Sunday, February 24, 2008

A~Z and TBR Challenges

I heard it from a friend who

heard it from a friend who

heard it from a friend

You been mess- No wait.

I mean I heard about this challenge to read 52 books in a year, the A~Z Challenge. You choose one book title for each letter of the alphabet and one author for each letter of the alphabet. (No doubling up.) Click here for the official site, or just play along at home. My A~Z picks are toward the bottom of the page on the sidebar. If anyone knows a good book starting with the letter "X", PLEASE let me know!!! Apparently the author of the challenge didn't take the serious shortage of such titles into consideration when she launched her idea.

There is also another challenge called the TBR Challenge which you can do instead of, or combine with, the A~Z Challenge. Combining the two is the approach I have chosen. It seemed to render narrowing down the options much easier for the A~Z Challenge in my opinion. Basically, the TBR Challenge is this:

Pick 12 books - one for each month of 2008 - that you've been wanting to read (that have been on your "To Be Read" list) for 6 months or longer, but haven't gotten around to. Read one book from this list each month in 2008.

I have included my 12 in the A~Z lists. They are:

  1. Austenland by Shannon Hale (A Title)

  2. Breaking Dawn by Stephenie Meyer (I've been planning to read that since I finished the first three in two days last fall) (B Title)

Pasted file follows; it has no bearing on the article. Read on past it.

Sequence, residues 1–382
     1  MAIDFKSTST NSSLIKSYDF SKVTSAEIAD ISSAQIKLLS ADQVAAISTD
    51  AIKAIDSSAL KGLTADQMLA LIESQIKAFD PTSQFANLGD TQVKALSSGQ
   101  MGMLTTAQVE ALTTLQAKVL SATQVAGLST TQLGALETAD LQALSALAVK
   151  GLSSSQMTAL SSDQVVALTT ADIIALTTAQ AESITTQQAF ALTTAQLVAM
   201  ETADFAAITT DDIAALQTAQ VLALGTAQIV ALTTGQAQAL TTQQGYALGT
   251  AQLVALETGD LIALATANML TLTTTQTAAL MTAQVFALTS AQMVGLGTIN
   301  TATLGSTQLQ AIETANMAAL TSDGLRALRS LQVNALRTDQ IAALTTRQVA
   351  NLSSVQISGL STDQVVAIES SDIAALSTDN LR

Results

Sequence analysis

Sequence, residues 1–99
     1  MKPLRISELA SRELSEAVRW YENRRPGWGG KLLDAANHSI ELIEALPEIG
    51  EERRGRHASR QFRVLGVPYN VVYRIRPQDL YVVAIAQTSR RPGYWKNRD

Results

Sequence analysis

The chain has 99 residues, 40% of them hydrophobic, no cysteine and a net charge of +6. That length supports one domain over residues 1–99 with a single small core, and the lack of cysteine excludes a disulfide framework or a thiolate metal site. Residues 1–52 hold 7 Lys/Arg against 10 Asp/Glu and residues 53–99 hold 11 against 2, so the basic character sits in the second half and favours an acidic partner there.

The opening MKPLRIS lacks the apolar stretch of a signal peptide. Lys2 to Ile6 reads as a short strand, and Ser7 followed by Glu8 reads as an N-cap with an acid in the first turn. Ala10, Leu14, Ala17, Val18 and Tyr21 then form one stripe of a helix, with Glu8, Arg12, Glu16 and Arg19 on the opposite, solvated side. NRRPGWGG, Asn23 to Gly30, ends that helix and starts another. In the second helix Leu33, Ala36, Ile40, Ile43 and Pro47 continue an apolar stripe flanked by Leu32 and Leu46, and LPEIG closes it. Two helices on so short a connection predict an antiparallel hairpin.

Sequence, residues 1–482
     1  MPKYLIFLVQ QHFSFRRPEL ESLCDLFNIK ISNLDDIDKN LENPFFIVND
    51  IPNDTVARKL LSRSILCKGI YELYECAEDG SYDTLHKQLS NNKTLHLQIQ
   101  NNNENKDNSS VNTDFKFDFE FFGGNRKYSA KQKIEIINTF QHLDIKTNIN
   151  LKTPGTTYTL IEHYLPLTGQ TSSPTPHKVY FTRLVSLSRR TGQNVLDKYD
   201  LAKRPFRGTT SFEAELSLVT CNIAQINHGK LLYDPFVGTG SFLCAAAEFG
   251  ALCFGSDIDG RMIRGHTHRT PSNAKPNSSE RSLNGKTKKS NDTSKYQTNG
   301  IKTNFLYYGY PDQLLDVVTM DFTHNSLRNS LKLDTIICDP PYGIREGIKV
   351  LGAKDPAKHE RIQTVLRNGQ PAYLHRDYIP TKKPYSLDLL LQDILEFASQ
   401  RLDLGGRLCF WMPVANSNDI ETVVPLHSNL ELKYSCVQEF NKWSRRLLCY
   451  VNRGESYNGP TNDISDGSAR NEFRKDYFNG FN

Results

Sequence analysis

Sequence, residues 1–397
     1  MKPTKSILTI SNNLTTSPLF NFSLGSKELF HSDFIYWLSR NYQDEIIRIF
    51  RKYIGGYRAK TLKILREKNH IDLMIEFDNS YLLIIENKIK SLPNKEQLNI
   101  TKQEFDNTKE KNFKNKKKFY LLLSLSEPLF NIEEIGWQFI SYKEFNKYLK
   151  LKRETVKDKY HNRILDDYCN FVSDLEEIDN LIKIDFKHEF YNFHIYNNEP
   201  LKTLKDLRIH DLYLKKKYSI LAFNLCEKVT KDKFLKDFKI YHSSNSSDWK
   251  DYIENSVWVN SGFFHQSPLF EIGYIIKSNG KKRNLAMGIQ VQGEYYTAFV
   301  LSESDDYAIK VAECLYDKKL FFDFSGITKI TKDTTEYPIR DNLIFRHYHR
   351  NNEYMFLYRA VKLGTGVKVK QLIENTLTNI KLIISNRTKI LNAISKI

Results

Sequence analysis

3. Crime and Punishment by Dostoevsky (C Title)

  4. David Copperfield by Charles Dickens (D Title)

  5. Hitchhiker's Guide to the Galaxy by Douglas Adams (H Title)

  6. Standing For Something by Gordon B. Hinckley (S Title)

  7. The True Confessions of Charlotte Doyle by Avi (T Title)

  8. Winter's Tale by Mark Helprin (W Title)

  9. Language Shock by Gregory Agar (A Author)

  10. Don Quixote by Miguel de Cervantes (C Author)

  11. Of Mice and Men by John Steinbeck (S Author)

  12. Mila 18 by Leon Uris (U Author)

Happy reading!

Northanger Abbey by Jane Austen

Northanger Abbey was Jane Austen's first book ever written and last ever published. I believe is was published posthumously and I'm not sure she ever intended for it to be read by an audience (although I have not read anything one way or the other). The book seemed to me to be a study in writing novels. She asked and answered a lot of questions in this book. What makes a heroine or a plot worthy of reading? Which works to take inspiration from, which to completely diverge from? Are novels worthy endeavors? Can one be written about normal people? Will doing so make novels more socially acceptable? Do popular opinions matter on the subject of novels anyway? Jane makes many asides to the audience which I felt were more of a stream of consciousness creative writing exercise than anything else. I especially felt that the book was not intended to be published at the end when she essentially said, "and then they all lived happily ever after, etc., etc. You know all the rest and I can fill it all in later without giving it much thought." It is possible that this was an underdeveloped stylistic choice, especially considering the similar though less abrupt ending of Emma. I think however, that Northanger Abbey was just a practice to help the author decide more precisely on a direction to take her work.